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If you love boats, the great outdoors and working with your hands, a career as a marine mechanic may be perfect for you. The world of marine service and repair is an exciting one. As a technician, you can apply your knowledge and skills to a variety of different environments as you pursue your passion.
Keep reading to learn all about what a marine technician does, the types of boats they repair, job opportunities, career outlook and more.
If you have the desire and passion to work near the water, Marine Mechanics Institute can help you prepare for a career in the marine industry.5
Boats cruise the waterways of the United States every day. Just like cars on the road need service, boats need service and repair, too. This requires the help of a marine technician—a professional trained to work on boats of all shapes and sizes.
Marine technicians (also known as marine mechanics) are experts in the maintenance and repair of the important systems that keep boats running. Whether it’s a stuck fuel rack or an overheating problem, marine technicians have the ability to figure out what the problem is, how to solve it and what it takes to execute any needed repairs. From an old fishing boat to a shiny new yacht, it’s the job of a marine technician to keep the boats they work on afloat.
One of the perks of being a marine technician is the ability to work on a variety of different kinds of boats. Marine technicians serve many different industries from recreation to the military. The types of boats that marine technicians work on include:
Completing a program at a marine mechanic school can prepare you for multiple career paths. Some technicians pursue careers in specialty areas like field service, engine building, or aftermarket parts development and service.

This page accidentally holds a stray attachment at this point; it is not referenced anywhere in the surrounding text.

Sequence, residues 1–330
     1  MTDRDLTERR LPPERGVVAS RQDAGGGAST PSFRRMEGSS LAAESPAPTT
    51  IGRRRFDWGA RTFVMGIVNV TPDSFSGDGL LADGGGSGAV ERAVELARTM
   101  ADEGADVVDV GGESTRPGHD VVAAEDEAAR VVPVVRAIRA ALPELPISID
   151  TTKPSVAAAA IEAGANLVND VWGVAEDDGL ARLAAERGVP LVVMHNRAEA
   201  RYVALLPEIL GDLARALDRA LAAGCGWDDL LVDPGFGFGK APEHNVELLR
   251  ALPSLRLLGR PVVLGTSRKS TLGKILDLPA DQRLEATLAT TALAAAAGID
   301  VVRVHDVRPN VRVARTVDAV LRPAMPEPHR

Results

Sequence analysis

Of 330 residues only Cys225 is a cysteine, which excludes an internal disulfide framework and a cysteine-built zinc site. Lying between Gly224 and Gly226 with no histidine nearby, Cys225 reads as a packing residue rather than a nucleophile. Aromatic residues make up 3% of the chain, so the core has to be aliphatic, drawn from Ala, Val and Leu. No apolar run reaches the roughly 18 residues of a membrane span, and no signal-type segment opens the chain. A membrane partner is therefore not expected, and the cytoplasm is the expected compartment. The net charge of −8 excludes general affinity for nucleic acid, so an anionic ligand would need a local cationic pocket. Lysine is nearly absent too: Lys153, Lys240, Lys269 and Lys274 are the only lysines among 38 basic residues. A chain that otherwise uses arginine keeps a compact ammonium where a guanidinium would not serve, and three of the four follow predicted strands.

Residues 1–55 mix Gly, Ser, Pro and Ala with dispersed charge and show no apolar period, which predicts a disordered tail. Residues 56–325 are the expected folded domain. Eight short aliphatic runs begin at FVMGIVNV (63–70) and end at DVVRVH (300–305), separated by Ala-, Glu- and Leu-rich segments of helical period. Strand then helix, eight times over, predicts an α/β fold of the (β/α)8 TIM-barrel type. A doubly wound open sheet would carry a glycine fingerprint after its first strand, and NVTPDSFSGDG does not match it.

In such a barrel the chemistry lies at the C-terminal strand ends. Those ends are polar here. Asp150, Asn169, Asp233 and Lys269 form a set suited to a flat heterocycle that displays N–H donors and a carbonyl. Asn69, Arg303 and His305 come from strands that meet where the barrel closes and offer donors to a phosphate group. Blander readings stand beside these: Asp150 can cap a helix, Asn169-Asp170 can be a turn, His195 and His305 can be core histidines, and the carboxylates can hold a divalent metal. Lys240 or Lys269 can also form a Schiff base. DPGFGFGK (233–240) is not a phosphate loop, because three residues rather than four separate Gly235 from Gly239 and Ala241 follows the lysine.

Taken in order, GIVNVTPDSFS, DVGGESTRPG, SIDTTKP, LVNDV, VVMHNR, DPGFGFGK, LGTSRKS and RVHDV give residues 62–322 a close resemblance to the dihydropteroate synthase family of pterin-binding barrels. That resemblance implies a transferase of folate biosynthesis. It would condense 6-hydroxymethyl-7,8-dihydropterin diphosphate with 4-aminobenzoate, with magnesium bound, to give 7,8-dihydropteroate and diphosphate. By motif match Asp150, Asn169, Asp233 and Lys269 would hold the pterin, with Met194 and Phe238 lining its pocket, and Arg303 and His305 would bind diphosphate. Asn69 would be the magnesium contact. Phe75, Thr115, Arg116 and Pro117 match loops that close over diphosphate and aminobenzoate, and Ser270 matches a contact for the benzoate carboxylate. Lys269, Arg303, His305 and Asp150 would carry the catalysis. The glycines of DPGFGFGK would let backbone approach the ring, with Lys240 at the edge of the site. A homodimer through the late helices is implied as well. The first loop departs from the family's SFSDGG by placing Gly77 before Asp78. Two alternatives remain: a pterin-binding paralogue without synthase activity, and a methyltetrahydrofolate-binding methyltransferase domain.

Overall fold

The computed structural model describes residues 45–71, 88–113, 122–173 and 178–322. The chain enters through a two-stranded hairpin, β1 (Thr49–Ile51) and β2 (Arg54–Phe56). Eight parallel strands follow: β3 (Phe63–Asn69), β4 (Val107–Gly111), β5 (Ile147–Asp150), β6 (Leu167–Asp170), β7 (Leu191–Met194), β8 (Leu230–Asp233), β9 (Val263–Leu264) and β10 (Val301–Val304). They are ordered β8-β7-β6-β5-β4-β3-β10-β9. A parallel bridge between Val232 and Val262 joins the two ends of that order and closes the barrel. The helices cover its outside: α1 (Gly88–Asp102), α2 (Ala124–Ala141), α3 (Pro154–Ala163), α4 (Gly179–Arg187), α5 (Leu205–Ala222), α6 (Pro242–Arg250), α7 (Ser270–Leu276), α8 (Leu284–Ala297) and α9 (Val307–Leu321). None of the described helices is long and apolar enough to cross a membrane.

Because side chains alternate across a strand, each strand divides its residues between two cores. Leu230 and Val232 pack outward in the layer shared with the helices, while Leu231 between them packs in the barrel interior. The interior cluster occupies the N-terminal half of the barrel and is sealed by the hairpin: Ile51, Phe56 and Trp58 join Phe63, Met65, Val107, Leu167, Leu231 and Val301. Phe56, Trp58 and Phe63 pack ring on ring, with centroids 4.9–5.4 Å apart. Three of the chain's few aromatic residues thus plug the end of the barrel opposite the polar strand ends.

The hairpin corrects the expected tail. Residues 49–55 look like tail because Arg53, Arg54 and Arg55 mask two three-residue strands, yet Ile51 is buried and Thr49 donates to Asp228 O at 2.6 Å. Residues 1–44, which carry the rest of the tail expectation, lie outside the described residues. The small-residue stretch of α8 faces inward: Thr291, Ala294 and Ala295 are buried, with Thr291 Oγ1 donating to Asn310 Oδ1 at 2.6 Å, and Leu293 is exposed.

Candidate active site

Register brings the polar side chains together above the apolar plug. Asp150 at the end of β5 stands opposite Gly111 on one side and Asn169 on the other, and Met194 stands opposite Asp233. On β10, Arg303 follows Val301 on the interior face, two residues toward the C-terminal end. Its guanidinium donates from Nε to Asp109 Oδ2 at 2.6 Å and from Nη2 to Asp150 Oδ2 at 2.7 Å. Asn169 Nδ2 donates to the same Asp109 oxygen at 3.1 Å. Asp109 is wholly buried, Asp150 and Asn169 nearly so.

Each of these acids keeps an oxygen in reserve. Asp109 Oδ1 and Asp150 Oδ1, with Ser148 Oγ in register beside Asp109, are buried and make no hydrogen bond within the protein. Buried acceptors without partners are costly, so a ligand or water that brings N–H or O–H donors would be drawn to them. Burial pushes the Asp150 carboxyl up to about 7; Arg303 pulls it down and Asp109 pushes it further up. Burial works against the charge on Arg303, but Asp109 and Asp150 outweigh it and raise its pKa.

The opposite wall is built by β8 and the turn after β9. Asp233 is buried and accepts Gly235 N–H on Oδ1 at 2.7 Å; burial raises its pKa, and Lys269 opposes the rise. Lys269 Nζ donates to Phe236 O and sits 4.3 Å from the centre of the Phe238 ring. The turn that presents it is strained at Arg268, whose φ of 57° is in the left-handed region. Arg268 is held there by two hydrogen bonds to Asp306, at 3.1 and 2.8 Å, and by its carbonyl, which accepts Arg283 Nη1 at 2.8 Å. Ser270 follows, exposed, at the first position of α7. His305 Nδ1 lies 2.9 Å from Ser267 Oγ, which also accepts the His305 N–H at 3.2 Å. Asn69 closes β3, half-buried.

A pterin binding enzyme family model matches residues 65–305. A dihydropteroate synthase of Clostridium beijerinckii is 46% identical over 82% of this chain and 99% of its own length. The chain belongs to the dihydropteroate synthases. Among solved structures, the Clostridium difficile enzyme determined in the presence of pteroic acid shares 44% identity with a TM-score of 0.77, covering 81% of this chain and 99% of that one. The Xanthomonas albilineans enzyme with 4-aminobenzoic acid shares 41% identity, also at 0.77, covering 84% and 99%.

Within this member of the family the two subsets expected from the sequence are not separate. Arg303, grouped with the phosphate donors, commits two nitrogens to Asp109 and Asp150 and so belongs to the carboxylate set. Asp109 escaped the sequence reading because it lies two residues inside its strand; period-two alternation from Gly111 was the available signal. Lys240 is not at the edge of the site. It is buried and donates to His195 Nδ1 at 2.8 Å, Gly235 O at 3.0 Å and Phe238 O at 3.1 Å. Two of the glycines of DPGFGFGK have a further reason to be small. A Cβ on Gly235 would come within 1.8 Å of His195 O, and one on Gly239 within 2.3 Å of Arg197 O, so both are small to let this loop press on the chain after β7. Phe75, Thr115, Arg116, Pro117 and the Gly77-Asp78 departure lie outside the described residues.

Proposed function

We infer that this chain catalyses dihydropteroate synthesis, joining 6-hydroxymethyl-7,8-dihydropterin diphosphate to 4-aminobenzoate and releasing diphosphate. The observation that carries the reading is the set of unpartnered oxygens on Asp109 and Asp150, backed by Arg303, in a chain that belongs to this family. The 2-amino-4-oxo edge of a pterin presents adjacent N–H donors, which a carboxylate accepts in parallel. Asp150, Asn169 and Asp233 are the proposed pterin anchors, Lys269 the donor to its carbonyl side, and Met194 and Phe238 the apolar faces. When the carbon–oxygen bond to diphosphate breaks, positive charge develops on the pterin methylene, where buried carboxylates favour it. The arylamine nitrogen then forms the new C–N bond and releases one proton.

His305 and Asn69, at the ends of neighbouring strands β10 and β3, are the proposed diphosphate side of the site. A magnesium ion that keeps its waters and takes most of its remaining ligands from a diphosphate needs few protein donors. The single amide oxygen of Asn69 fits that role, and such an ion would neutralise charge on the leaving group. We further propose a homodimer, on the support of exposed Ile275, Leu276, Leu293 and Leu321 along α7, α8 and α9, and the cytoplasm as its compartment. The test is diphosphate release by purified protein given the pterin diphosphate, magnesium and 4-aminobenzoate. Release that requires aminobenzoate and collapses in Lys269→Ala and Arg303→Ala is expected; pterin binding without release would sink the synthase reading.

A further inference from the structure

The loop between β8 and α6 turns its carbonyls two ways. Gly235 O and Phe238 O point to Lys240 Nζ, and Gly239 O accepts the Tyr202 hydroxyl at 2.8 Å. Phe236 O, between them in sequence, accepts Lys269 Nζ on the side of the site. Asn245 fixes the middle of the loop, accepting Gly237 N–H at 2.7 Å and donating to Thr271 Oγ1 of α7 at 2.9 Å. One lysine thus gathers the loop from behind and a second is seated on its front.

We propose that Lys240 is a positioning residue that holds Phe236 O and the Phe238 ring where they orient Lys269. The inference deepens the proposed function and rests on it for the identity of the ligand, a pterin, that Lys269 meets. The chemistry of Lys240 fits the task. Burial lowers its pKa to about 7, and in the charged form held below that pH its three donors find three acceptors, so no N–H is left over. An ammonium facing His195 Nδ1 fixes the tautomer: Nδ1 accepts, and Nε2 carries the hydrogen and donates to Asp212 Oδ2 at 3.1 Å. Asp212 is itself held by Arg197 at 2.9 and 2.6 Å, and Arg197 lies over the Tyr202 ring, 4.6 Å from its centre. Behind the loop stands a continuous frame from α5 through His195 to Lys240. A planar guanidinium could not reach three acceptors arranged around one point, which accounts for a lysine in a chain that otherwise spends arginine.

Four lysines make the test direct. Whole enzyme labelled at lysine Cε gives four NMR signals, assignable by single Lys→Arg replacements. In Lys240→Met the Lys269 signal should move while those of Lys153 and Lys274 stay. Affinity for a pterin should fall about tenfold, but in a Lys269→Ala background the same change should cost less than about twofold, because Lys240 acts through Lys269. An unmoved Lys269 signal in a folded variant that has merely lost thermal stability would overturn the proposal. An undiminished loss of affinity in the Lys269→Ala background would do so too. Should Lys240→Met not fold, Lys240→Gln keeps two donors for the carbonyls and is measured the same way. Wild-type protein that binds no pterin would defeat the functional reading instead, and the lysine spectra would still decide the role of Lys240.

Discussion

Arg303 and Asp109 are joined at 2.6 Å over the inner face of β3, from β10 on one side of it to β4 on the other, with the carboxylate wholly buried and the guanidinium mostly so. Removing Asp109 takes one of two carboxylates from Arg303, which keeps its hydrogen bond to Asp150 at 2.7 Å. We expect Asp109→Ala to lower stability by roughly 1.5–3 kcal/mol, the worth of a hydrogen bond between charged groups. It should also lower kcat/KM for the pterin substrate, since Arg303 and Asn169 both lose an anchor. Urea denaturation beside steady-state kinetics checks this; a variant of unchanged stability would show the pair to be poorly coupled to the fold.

When it comes to planning for your future, don’t be afraid to think outside the box! Here are some of the many marine mechanic jobs you may be able to pursue:
If you have a passion for a specific boat manufacturer, a career as a dealership technician is a great choice. These techs work for manufacturers such as Mercury Marine,
Yamaha Marine, Honda Marine, Suzuki Marine or Volvo Penta.
Daily tasks for a Marine Parts Associate include ordering and managing inventory, and assisting customers. This is a great way to work up to a manager position in a marina, repair shop or dealership.
The role of a boat rigger is to get recreational and commercial boats ready for the water. They equip boats with important systems related to comfort, operations and, most importantly, safety. Daily tasks may include installing propulsion systems, winches, anchors, lifeboats, and steering and throttle controls.
Electricians work with blueprints and manuals, and some even draw their own system diagrams in order to install, troubleshoot, and repair marine electronic and electrical systems. They work with batteries, chargers, solar panels, navigation systems and satellite TV hardware to get the job done.